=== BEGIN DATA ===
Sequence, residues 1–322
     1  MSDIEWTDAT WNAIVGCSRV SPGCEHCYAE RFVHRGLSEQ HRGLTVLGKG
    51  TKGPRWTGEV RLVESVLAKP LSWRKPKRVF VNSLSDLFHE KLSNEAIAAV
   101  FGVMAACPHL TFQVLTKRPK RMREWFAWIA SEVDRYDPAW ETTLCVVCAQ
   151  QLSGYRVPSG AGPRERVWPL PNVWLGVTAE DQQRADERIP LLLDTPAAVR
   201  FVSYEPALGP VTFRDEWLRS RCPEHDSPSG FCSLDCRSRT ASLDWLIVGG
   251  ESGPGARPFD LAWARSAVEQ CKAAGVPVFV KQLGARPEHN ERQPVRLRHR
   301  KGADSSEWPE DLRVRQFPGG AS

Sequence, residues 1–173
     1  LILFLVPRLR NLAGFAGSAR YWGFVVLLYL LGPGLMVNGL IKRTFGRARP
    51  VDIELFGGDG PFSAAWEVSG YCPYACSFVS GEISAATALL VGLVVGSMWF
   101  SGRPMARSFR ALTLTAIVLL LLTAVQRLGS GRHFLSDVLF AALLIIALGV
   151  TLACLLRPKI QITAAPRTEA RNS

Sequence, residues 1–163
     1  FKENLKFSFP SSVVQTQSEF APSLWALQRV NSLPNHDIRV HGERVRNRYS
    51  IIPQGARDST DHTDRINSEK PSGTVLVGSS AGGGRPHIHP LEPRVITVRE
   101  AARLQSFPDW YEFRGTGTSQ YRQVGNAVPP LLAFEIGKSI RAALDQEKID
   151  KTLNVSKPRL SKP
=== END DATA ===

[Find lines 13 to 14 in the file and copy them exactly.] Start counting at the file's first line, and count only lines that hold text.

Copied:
   151  TLACLLRPKI QITAAPRTEA RNS

Sequence, residues 1–163